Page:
Stage artistes in TN in trouble as police read the EC ‘act’ wrong

There are around 15,000 theatre artistes in the state.

As the larger electoral drama, with its many twists and turns, plays out on the political theatre, life is less colourful to the thousands of professional theatre artistes across Tamil Nadu.

Unlike their political counterparts, the artistes play out their predetermined parts from ramshackle stages set up as part of temple festivals in the peak months of April, May, and June. Their ornate make-up, headgear, and costumes belie their real woes. Now, its double whammy as the police are cracking down on them big time as the law-enforcers have misinterpreted an order of the Election Commission.

Their trouble began ahead of the 2016 Assembly elections. The EC tried to impose a blanket ban on plays as the commission thought political parties were using the medium for campaigns. But, fortunately, the then Chief Electoral Officer, Rajesh Lakhoni, sought the support of the South Indian Actors Association for election awareness programmes. The Federation of Tamil Nadu Music and Drama Artists Associations then met the CEO and told them that the dramas without politics should be allowed as it was a livelihood issue. “The request was accepted and the ban is only on political plays,” said Pazha Gandhi, general secretary of the federation.

“The plays we stage are culled out of history and mythology. These are not related to elections or politics in anyway. But still we are bearing the brunt,” says Annadurai, secretary, Karur Drama Artists Association. The Tamil months of Panguni, Chithirai, and Vaigasi (April, May and June) are the most auspicious and many temple festivals are conducted during these months, he said. “These three months are the season for us. We get a lot of bookings from the villages. We earn well during these months. But this elections, we are in trouble,” he said.

The artistes say there is no ban on temple plays.

Artistes say they usually do 150 to 200 stages in the three months. For each programme, they get a minimum of ₹20,000. Each artiste gets ₹1,000 to ₹1,500 per programme. Women artistes are paid more than the men as their numbers are low and demand is high. “Already, the patronage for dramas is low. If the programmes are on weekends, we would get a larger crowd of viewers,” says Muthusamy, a Karur-based full-time drama artiste. He had been an actor for 50 years. He is the second generation artiste in a family and now his son follows suit.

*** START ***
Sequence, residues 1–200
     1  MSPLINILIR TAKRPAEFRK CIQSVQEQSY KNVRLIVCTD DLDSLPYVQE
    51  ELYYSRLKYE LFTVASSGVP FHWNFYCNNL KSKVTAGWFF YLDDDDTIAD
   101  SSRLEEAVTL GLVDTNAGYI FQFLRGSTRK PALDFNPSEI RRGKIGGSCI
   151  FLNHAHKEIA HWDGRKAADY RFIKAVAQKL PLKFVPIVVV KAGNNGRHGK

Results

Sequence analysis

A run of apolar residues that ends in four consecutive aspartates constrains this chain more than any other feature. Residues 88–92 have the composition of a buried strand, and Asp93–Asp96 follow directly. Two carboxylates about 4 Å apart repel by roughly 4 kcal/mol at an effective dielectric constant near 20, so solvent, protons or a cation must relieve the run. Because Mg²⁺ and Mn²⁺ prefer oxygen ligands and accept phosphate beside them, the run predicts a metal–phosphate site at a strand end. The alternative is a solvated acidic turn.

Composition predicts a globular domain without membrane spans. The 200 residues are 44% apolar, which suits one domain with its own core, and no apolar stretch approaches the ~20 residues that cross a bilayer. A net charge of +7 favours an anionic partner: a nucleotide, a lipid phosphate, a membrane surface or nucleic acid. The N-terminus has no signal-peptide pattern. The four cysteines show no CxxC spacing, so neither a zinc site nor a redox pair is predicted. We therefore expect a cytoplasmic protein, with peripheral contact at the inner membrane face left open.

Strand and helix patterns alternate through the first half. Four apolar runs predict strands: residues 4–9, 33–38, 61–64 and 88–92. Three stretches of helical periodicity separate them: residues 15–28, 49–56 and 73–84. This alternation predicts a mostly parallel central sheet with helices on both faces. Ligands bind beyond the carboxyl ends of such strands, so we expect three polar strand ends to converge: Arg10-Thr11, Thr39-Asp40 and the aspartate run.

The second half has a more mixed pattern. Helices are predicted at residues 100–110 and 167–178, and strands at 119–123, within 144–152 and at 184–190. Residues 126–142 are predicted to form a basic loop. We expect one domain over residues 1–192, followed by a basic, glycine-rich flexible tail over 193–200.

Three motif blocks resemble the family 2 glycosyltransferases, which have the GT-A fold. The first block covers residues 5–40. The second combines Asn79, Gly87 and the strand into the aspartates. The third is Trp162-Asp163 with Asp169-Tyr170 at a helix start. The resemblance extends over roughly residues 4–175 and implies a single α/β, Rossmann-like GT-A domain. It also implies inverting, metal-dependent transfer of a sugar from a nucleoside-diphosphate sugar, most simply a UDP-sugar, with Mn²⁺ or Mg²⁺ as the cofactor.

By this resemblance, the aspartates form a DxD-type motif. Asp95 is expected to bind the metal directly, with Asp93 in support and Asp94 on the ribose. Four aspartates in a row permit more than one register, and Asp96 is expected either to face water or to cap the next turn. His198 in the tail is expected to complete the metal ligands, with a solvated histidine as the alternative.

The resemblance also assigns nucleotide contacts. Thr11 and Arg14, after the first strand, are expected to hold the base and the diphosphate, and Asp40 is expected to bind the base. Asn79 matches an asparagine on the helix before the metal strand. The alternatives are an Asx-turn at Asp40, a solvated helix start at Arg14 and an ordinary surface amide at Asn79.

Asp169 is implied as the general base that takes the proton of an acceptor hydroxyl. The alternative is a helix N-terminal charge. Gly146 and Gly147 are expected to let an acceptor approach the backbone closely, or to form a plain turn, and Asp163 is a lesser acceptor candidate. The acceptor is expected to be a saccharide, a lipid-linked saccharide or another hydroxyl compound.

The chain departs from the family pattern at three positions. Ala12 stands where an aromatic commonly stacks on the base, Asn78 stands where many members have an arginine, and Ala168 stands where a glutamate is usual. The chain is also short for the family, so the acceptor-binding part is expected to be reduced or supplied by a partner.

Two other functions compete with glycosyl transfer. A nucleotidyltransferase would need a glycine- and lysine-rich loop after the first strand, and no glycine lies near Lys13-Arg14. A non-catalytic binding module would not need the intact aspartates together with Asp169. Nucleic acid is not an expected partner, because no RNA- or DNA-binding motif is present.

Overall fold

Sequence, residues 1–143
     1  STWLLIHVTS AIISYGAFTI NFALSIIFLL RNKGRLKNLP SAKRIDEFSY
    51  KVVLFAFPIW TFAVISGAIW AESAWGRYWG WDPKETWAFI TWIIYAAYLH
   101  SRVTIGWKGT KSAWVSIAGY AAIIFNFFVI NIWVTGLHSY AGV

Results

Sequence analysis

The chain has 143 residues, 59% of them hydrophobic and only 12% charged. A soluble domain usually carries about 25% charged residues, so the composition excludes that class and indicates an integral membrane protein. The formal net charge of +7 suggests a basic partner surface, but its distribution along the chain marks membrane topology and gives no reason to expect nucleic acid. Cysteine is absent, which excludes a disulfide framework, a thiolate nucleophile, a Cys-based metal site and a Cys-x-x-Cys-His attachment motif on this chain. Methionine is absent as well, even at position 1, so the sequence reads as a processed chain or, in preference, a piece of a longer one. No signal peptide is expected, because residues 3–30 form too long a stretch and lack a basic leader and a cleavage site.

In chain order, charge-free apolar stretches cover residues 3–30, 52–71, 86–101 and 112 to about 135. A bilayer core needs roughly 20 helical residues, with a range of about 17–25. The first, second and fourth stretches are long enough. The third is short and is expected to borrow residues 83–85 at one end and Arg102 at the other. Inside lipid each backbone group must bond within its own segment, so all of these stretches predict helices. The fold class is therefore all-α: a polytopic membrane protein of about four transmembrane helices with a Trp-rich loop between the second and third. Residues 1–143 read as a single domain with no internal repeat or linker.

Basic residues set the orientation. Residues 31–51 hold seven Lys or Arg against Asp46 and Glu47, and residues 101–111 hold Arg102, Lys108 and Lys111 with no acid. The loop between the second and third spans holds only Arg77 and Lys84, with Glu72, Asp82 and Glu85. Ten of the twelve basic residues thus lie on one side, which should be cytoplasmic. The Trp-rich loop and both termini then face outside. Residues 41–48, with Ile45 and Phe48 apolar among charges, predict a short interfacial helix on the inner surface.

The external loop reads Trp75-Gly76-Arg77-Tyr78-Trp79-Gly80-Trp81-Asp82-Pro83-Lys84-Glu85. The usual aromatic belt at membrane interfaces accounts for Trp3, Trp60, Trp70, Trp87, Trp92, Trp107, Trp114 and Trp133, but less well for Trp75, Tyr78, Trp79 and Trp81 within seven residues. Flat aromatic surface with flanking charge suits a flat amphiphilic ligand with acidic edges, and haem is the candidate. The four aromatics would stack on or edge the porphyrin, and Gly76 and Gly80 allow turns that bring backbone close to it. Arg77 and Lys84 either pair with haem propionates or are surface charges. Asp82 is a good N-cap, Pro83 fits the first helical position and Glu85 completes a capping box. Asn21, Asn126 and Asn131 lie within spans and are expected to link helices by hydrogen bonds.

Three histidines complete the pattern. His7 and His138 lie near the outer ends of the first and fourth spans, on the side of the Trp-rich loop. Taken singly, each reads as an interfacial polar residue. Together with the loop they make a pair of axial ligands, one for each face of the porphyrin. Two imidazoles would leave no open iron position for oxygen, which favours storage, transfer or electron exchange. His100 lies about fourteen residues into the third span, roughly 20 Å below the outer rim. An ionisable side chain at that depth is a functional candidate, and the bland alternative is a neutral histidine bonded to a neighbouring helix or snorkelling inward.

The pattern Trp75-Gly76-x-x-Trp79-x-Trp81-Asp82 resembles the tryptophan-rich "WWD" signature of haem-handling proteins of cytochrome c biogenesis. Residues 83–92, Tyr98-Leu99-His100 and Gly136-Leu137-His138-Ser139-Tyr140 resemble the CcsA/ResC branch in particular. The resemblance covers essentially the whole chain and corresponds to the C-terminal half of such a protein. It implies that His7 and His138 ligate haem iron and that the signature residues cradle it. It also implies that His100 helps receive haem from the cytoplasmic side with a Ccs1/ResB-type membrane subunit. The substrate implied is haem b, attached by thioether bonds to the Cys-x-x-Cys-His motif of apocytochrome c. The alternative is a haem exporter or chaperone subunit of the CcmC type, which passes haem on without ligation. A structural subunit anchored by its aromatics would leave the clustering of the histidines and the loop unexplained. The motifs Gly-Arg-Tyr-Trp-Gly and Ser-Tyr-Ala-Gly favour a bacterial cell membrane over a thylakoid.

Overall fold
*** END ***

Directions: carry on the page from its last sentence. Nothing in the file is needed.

Earlier, artistes used to perform three to four plays in a day. Now, it is usually one, he said. “In our association, we have 350 members. Out this, 150 are women. Our families depend on us and we depend on the villagers who book us for temple festivals. If the police restrict our performances, it is a subsistence issue,” he said. Besides Karur, artistes are widely spread in districts like Madurai, Sivagangai, Trichy, Salem, Pudukkottai and Chennai. Each district has its drama artistes’ association. Currently, the state had around 15,000 artistes.

Pazha Gandhi told The Federal it was sad that the police were not comprehending the EC order properly. “This time, the EC initially said plays could be staged till 10 pm. But, generally, a play starts by 10 pm and ends by 6 am. We met the CEO and he issued a fresh order stating that there are no restrictions on the conduct of dramas as part of temple events,” Gandhi added.
But most police officers think it is a blanket ban. The ban is only on political content, Gandhi said. “In many places, police officers blindly disallow performance. Due to this, the booked programmes too get cancelled, seriously affecting our livelihood,” he said.

Artistes perceive it an irony that they face such an issue in Tamil Nadu where personalities like MR Radha took Dravidian ideology to the masses through the medium of theatre.